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design education and visual communication
authored by chris m hughes

Slanted and Enchanted CSS3

Tuesday, 2 November 2010

For web designers, angled text has always required a trip to Photoshop or Illustrator. So it's a cause for celebration now that CSS3 supports rotation for text on a webpage. This means designers can slant and quickly edit text, images and even divs on a webpage.

To get a flavour of how powerful this is, it's worth stepping back to look at how css3 is generally implemented in webpages. To create css3 styles, you need to use a set of the vendor prefixes - different properties for each browser to understand.

Here's a simple example - how to fade in the background colour of a button when you hover over it. The CSS3 property is called 'transition', and the CSS would look like:

a { /*this is a style for the button link*/
width: 100px;
height: 30px;
text-align: center;
padding: 15px 0;
display: block;
background-color: #000000;
-webkit-transition:background-color 1s ease-in; /*prefix for Safari*/
-moz-transition:background-color 1s ease-in; /*prefix for Mozilla*/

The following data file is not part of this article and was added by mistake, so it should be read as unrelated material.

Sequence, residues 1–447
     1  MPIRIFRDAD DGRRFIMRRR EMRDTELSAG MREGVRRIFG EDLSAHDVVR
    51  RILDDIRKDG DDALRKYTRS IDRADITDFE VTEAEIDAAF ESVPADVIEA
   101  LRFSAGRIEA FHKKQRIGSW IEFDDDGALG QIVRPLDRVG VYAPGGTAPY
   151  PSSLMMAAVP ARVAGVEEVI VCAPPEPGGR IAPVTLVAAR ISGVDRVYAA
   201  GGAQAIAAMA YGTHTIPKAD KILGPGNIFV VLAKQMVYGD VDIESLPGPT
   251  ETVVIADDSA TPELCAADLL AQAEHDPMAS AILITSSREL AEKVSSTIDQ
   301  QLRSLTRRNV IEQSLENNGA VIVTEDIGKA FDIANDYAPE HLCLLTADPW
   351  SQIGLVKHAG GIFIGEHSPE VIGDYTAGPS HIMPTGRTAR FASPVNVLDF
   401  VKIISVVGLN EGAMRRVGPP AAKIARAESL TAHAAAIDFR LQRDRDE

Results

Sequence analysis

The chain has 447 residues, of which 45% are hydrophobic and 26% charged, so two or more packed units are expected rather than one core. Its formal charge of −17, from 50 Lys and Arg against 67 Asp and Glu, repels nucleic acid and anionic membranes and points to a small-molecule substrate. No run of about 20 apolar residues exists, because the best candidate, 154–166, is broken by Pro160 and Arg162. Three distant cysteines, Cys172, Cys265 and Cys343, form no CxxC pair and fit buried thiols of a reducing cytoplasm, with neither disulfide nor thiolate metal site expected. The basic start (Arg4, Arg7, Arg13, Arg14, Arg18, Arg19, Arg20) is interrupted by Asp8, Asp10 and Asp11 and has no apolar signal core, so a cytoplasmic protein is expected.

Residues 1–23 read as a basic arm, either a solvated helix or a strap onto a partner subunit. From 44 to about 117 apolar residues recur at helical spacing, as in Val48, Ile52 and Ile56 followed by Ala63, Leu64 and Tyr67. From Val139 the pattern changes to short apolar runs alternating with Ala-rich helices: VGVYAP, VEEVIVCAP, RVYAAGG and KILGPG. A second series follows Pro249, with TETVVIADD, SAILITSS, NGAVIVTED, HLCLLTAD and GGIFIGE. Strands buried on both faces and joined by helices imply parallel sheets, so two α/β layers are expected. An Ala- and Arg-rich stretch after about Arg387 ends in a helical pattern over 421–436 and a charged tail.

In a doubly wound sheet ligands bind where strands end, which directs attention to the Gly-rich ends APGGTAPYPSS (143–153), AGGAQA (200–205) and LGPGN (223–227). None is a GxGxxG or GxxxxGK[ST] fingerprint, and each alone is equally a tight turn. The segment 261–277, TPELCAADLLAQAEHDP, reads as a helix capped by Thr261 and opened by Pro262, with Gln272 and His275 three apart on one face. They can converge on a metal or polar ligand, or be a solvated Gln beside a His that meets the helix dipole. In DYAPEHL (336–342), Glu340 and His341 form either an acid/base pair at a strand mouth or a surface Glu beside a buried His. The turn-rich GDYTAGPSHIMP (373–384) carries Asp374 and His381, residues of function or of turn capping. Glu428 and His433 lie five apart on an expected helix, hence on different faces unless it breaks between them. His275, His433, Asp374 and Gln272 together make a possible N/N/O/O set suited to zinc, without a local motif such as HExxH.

-o-transition:background-color 1s ease-in; /*prefix for Opera*/

a:hover {

background-color: #ff0000;

Applying angled text uses the same sort of procedure. The css3 property is called 'transform', and the value is 'rotate (angle)'. Rotate will angle text, div elements and images. Here's the CSS to rotate text by minus 30 degrees on a webpage -

.mytext {
-moz-transform:rotate(-30deg); /* text angle is -30 degrees*/

There are a couple of big caveats however. Firstly, not all browsers support this technique, and secondly, at larger point sizes, poor anti-aliasing becomes an issue and the text can start to look decidely pixellated.

For a brilliant example, assuming you have the latest Safari, Chrome, Opera, Mozilla or IE9 browser with which to see it, check out transform experiment by Eric Hansel.